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Naked Ambition 

S.F. taxpayers might be underwriting the nudist agenda of one wacky mayoral candidate

Wednesday, Aug 22 2007
During one five-week stretch this summer, George Davis was arrested four times while campaigning to become mayor of San Francisco. In fact, the click of the cuffs became so commonplace that Davis penned a curt letter to Mayor Gavin Newsom requesting a reprieve. And ever since then, he hasn't been arrested once.

Of course, ever since then he's started wearing clothes while campaigning.

"If I don't do public nudity, I don't get arrested," says Davis.

The 60-year-old nudist, who is best known as the Naked Yoga Guy at Fisherman's Wharf, is one of 14 people — many of them eccentrics with monikers like Grasshopper and Chicken John — who recently qualified to appear on the November ballot. While none of them stand a nudist's chance at the North Pole of unseating Newsom, one or more may be eligible for tens of thousands of dollars in public funds under the city's new matching program. So, theoretically, taxpayers could help finance Davis' quest to transform Golden Gate Park into a nudist oasis.

In order to qualify for the initial matching money, a candidate must get at least 250 donors to each give him no more than $100 to reach the $25,000 threshold, which would earn a $50K payment from the city. And if Davis raises another $100,000, the city would give his campaign four times that in free public cash. (But if Naked Yoga Guy raises that much dough, I pledge to show up to work naked myself.)

Davis has said that if he gets public matching funds, he intends to promote his campaign with clothing-optional art performances and concerts. That may sound like a dubious use of public matching funds, but John St. Croix, the executive director of the city's Ethics Commission, says it would probably be a legitimate expense under the rules so long as the event promotes Davis' candidacy.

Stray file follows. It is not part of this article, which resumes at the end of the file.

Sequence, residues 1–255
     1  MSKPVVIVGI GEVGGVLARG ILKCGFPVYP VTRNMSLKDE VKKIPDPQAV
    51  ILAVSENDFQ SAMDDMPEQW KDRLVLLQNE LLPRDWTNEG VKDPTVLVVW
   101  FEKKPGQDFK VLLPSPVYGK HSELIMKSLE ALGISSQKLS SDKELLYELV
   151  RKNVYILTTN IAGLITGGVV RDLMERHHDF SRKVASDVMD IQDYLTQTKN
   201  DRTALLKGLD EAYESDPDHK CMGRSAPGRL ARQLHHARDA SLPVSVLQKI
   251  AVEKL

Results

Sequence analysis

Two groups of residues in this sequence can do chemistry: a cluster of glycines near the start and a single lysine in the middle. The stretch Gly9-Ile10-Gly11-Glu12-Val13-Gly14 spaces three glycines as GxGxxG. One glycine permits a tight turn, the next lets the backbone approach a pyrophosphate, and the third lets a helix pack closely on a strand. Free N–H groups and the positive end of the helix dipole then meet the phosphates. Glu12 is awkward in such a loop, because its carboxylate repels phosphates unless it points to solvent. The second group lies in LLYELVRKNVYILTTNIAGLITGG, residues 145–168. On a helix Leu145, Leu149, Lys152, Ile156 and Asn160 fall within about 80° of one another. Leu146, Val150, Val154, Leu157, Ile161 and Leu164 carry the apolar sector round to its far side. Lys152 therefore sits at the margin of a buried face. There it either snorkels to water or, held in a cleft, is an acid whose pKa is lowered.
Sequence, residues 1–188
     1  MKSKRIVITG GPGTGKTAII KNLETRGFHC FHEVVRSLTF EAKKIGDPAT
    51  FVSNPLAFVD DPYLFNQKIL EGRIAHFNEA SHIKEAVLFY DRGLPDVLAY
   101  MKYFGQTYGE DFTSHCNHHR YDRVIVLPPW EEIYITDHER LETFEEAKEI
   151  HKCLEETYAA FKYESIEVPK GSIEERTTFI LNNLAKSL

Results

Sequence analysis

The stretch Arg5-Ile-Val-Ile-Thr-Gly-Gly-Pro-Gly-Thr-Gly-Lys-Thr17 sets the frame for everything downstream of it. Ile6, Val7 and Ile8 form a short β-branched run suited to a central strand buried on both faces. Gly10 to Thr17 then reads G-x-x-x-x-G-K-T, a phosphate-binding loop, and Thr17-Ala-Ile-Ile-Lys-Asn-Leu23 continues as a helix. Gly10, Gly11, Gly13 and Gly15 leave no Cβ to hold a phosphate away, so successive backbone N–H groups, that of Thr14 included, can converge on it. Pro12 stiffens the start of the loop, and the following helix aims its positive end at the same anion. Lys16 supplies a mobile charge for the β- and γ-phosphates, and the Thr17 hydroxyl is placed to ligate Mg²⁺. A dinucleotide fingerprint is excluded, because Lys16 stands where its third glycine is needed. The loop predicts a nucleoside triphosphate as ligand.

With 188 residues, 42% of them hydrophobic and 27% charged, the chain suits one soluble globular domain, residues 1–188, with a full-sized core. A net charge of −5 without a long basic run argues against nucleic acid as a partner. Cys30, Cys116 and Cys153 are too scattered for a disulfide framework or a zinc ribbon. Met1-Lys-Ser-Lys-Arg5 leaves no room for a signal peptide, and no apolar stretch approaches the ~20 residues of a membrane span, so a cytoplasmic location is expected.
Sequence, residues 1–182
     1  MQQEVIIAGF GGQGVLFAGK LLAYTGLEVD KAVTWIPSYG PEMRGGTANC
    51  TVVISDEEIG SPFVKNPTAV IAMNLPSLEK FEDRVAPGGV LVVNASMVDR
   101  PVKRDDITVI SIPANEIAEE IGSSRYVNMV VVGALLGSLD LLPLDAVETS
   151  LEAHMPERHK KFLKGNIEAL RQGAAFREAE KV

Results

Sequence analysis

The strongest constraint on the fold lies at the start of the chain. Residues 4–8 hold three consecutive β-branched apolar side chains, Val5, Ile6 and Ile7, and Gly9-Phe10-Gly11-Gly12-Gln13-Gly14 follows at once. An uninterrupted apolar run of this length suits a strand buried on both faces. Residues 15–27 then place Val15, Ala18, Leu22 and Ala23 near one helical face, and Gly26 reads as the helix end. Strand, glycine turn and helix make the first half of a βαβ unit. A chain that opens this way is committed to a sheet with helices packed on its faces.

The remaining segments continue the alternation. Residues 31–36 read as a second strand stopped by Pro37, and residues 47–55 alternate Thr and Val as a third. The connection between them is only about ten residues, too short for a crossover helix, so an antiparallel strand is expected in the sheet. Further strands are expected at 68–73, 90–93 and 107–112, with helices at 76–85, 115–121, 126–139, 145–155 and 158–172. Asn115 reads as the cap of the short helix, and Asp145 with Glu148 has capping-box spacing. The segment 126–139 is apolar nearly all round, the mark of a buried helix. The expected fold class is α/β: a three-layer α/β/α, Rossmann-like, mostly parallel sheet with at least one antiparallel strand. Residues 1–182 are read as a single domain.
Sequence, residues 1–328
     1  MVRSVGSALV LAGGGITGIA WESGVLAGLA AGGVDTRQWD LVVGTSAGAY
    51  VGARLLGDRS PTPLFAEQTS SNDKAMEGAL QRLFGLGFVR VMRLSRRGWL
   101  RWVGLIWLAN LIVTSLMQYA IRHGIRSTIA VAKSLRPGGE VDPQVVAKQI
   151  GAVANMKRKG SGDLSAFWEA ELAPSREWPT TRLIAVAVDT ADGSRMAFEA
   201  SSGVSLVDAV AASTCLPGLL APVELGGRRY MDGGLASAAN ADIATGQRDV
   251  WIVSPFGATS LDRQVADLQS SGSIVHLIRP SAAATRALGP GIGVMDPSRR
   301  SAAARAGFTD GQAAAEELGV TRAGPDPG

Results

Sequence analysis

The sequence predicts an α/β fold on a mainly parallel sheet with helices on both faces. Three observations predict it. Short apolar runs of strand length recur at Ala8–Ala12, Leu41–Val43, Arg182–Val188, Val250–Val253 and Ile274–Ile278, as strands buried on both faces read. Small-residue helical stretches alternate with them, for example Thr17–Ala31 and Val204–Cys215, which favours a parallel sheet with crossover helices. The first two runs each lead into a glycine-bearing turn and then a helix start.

"In the ordinance it says [public matching funds] have to be used for campaign activities, but what are campaign activities? What you can spend on is very fuzzy," says Jim Ross, Newsom's campaign manager in 2003. "They're only limited by the imagination of the candidate. And one thing we've proven in San Francisco is there's no limit to the imaginations of people involved in politics."

Meanwhile, Davis is planning to host his first fundraiser later this month — and, yes, he will give a brief speech while in the nude. "But while I'm greeting people at the door and collecting the contributions, I'll be wearing clothes," he assures voters. "A lot of people are not used to dealing with a naked person when they're making business transactions."

About The Author

Joe Eskenazi

Joe Eskenazi

Joe Eskenazi was born in San Francisco, raised in the Bay Area, and attended U.C. Berkeley. He never left. "Your humble narrator" was a staff writer and columnist for SF Weekly from 2007 to 2015. He resides in the Excelsior with his wife, 4.3 miles from his birthplace and 5,474 from hers.


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